This can also be a tricky one.
In most cases you will control the authentication passing the standard Username and Password in your connection.

If the accountyou are making an ldap call from is in one domain and you are making a call to another domain and there is not a trust between the domains your call will fail. You can get around this by having an account in that foreign domain and specifically telling it that the account making the call is in that domain. username: domain\username This way, trusts do not come into play and is a totally viable option. That is why I always use the domain\username approach, even if I am only hitting a single domain. If you just use username, the call will assume your account is in the domain you are querying. I have also seen it try to use the domain of the machine you are calling from if the domain is ommited. This can cause serious latency in your queries. There are also other strings you can pass for username such as user@domain, distinguished name, etc but I prefer to stick with domain\username since most of the domains I have queried support it.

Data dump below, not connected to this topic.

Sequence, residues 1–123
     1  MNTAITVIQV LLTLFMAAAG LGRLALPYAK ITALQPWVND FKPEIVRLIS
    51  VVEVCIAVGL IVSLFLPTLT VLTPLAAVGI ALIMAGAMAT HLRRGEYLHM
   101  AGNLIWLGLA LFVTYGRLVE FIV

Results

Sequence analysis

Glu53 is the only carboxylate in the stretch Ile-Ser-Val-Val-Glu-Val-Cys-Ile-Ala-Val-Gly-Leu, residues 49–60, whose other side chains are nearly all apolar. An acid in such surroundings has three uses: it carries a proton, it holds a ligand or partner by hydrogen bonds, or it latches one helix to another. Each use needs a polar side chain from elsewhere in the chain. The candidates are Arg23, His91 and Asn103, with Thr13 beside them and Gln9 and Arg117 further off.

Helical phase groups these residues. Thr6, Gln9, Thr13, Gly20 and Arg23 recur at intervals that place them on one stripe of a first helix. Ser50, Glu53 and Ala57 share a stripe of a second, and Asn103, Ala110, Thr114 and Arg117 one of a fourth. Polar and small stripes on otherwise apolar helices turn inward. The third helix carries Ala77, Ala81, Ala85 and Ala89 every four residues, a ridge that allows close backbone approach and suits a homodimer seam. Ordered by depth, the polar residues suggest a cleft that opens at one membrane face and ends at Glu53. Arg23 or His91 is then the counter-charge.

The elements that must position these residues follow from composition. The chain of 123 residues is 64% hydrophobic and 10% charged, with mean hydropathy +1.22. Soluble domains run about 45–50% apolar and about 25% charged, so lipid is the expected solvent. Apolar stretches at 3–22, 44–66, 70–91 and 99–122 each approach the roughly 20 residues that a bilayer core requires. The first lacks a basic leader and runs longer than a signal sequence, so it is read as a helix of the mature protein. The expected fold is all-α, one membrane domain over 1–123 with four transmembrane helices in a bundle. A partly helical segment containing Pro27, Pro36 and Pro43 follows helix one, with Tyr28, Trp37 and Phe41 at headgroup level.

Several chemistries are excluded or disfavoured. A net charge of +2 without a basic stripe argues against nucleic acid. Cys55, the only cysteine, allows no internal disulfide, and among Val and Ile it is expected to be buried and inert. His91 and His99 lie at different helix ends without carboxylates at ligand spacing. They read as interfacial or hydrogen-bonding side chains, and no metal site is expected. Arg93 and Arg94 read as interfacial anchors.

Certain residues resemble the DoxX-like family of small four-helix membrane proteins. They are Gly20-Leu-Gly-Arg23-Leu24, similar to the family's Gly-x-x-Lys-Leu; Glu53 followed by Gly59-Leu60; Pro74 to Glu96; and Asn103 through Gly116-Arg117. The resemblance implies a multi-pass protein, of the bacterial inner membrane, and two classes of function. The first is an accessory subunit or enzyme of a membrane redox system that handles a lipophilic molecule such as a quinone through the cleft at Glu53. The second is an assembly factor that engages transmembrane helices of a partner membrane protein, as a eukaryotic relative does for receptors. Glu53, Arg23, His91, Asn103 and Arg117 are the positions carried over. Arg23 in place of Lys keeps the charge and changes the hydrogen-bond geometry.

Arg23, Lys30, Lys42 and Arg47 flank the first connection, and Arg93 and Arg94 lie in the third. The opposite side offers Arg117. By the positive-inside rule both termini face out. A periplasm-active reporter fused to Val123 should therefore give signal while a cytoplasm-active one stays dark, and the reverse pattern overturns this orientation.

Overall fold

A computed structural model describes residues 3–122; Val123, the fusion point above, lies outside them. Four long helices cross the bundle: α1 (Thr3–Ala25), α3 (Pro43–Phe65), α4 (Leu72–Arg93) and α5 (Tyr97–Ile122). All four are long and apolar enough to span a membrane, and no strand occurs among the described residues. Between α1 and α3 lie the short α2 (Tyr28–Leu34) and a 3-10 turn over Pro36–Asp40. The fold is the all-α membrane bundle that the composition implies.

If you do not pass the credentials the call will use whatever account is making the call. In the case of of a web server, that call is being made by a non-authenticated application pool so it will die every time. You never want to assign an application pool to an account with domain permissions, that is simply wrong.

If you are storing the account and password on a web site you must insure that the data you are storing is strongly encrypted and you never want to save it in plain text in the web.config.. just like your SQL connections right?
Once you have the account and password for your bind connection, you are good.

You can also use passthru authentication allowing the user making connection's permissions to flow through to the ldap query. This means that the users rights will apply. I have seen this being problematic due to double hop authentication... meaning the client creds pass thru the web server to the domain controller.